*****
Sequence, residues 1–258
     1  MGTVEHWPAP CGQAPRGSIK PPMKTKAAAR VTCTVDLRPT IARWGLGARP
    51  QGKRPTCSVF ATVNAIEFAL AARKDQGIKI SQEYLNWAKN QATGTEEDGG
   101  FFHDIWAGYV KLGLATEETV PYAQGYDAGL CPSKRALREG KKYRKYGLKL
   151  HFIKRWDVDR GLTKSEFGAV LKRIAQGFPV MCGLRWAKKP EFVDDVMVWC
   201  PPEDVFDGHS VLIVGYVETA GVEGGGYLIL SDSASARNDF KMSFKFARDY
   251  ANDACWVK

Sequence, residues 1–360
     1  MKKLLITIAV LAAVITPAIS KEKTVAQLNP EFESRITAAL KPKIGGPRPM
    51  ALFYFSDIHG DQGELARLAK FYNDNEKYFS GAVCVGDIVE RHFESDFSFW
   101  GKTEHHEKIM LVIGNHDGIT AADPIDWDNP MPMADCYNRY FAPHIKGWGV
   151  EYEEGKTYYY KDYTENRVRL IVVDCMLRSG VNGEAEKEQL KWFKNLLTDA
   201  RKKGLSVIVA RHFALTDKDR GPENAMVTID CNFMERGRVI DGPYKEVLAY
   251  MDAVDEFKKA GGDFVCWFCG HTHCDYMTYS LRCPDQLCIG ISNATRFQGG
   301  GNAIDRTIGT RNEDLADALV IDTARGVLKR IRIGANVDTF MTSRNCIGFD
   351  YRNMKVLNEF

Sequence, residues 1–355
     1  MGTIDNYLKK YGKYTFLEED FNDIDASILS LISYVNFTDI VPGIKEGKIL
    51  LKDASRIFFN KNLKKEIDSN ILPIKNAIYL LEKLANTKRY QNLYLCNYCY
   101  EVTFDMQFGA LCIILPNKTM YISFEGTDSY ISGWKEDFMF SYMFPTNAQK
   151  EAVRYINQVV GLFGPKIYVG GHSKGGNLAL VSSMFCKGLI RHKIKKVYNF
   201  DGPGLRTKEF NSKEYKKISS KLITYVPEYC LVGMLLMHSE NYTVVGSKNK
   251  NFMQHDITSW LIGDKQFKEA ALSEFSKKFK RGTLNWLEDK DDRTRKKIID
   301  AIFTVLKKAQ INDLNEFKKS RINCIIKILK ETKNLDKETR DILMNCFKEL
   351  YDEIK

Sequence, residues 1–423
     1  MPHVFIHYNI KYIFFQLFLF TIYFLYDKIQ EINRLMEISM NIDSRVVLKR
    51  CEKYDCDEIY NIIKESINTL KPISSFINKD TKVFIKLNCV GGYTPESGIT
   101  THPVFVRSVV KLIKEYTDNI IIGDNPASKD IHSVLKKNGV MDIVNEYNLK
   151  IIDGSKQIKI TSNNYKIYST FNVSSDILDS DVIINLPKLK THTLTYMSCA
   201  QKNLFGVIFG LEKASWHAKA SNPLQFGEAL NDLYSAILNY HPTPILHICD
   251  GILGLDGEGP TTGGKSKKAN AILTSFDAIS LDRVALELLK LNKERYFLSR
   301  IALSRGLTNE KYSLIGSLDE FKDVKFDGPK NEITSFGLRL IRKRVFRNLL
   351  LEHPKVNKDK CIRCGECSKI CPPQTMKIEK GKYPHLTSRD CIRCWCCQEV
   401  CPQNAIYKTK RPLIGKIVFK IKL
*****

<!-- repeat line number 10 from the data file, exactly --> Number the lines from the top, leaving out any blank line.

    51  ALFYFSDIHG DQGELARLAK FYNDNEKYFS GAVCVGDIVE RHFESDFSFW